7. Faulty redirection
This still happens very often when there is a separate URL for desktop and mobile version. The script on your server needs to descry a type of a device on which a user is browsing and then redirects him or her to the equivalent page. However, wrong configuration might affect that a visitor will see mobile homepage instead the page he or she requested (e.g. contact page). Again best solution for this problem is responsive web design which guarantee the same URL and the same content regardless of a device.
Make It Work
Every activity and each experience of a website’s visitor is a process. Whether a user wants to buy something in an online store or sign up for a newsletter you should treat his or her behavior as a set of steps that constitute a process. Your main goal in web site design should be to make the process the easiest and the fastest possible.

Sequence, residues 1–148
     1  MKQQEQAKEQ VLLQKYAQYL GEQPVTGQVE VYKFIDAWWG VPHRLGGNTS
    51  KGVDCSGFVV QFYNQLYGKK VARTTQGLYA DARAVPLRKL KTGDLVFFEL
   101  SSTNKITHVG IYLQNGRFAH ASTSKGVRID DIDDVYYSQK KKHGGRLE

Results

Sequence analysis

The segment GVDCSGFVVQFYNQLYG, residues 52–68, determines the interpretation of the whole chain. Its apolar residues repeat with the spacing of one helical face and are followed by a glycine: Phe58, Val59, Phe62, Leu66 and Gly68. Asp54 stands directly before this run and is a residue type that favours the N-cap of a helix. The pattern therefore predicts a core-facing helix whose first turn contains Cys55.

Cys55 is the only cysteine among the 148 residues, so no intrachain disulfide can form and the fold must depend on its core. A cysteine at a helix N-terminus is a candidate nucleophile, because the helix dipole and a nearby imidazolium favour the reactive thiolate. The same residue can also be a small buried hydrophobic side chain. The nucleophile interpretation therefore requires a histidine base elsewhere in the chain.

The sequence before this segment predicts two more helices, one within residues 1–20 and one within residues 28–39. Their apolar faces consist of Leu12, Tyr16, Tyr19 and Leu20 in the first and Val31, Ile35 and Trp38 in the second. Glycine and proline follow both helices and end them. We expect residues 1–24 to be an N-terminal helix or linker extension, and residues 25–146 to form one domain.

You can make a difference by testing, testing and testing. Put yourself into your customer’s shoes and see what’s working and what is not. Where else you can reduce time or effort that a visitor must put to reach his or her goal. Pay attention to every step of a process and always try to come up with solutions to improve user experience.
Finally, try to understand your client. Remember that if something is intuitive for you, it does not have to be that obvious for a user who visits your website. Thus, I will repeat myself – test and listen carefully to your audience, because it is the most valuable source for knowledge that you can ever have.
What irritates you the most in mobile web design? Leave us a comment!